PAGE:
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Look out for marijuana grow sites on public land

Look out for marijuana grow sites on public land

Citizens urged to be cautious and report to law enforcement

The Michigan State Police (MSP) and other law enforcement agencies are asking citizens to be on the lookout for indications of illegal marijuana growing this summer. If you come across suspicious activity or an area that may be an illegal marijuana grow site, immediately notify law enforcement officials.

The picture above was taken at a DTO-type grow in Northwestern Michigan. Grow sites contain hundreds to thousands of marijuana plants.

The picture above was taken at a DTO-type grow in Northwestern Michigan. Grow sites contain hundreds to thousands of marijuana plants.

These marijuana grow sites are often connected to drug trafficking organizations (DTO), which are highly-organized criminal enterprises trafficking in multiple illegal narcotics. DTOs have established large-scale marijuana growing operations on public lands in many western and southern states. In recent years DTOs have targeted national and state forests, public and private lands, in the Upper Midwest. In 2010, there were confirmed DTO growing operations in Indiana, Wisconsin and Michigan’s Upper and Lower Peninsula. These grow sites will contain anywhere from hundreds to thousands of plants.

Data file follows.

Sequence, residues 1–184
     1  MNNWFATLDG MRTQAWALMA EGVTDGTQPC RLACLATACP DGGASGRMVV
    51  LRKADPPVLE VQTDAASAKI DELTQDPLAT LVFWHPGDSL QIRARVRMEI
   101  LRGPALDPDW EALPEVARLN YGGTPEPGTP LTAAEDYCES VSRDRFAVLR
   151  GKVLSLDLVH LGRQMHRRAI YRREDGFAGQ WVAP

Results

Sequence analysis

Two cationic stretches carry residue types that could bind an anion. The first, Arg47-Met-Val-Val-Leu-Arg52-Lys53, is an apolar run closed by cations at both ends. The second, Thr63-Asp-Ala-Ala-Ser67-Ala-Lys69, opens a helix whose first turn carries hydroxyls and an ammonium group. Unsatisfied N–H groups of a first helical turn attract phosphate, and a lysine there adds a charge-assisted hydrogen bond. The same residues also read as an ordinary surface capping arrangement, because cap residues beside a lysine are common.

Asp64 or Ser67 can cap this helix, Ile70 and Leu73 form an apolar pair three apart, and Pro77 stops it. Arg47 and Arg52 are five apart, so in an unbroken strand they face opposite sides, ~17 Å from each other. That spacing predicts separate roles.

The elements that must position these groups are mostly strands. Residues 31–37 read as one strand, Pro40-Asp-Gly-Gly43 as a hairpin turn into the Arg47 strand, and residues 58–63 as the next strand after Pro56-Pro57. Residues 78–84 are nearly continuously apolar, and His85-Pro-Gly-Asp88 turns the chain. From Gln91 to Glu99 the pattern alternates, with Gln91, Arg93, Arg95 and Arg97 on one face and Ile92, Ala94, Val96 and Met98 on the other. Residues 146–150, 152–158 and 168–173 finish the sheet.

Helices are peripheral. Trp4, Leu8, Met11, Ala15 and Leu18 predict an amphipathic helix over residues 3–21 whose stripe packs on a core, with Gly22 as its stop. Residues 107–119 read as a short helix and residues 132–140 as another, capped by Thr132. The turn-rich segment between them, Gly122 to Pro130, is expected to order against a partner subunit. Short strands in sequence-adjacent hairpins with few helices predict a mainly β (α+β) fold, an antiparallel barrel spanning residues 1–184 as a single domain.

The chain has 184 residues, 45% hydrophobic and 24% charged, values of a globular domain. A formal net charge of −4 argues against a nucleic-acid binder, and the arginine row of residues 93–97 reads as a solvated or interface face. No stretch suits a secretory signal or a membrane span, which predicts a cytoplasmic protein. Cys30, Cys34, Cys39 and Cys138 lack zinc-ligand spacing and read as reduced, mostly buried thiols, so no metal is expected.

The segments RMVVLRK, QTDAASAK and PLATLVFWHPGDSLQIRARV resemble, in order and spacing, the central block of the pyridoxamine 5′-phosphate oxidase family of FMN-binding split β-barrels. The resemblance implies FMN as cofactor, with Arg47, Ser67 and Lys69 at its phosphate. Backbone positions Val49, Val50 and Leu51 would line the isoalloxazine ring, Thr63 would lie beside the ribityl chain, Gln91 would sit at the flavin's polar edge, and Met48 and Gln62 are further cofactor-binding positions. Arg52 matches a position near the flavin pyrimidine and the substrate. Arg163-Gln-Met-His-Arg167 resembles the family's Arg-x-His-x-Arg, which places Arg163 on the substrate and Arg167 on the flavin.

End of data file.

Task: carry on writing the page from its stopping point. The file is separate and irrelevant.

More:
“Our public lands are intended for recreational purposes, like hunting, camping, fishing and mushrooming,” said D/F/Lt. Dave Peltomaa, Domestic Cannabis Eradication/Suppression Program coordinator. “These illegal marijuana grow sites are a potential threat to public safety and the chemicals and pesticides used in their cultivation are harmful to the environment. We are asking citizens to report any marijuana grow site on public land to law enforcement as soon as possible.” Citizens should take caution when encountering potential grow sites and those people involved with them. Due to the high-dollar value of processed marijuana, DTOs have shown a willingness to use deadly force to protect their crops. Booby traps and cameras have also been found at marijuana grow sites.

“If you come across a marijuana grow site, make note of where the plot is located, leave the way you came in, and call the police,” Peltomaa added. Remember to pay attention to the people and activity around you.

Possible indicators of an illegal marijuana grow site can include:

*Seeing vehicles or people in unusual locations or at odd hours.

*Repeatedly seeing vehicles or people in an area with no obvious reason for being there.

*Noticing foot paths or trails that seem heavily used in non-traditional hiking or trail areas.

*Seeing a vehicle or person with an unusual amount (or assortment) of camping or gardening equipment such as fertilizer, PVC/plastic piping, irrigation hoses, plastic planters, tents or tarps or hand tools.

*Vehicles dropping off or picking up people in remote areas.

*People who dodge into the woods or otherwise attempt to hide when seen along roads.

*Patrolled or guarded woods or swampy areas, people with firearms outside of hunting season or non-traditional hunting areas.

*Tents, tarps or primitive structures made from trees or saplings in unusual locations in the woods.

*Very messy camps with garbage or litter strewn about.

These are only some examples of what you could encounter in and around public lands. This list should not be considered all inclusive, but instead as potential indicators of illegal activity. To report a suspected marijuana grow site, citizens should contact US Forest Service Law Enforcement, Michigan Department of Natural Resources (DNR), Michigan State Police, DEA or your local law enforcement agency. If you wish to leave an anonymous tip, call 1-800-235-HEMP (4367).



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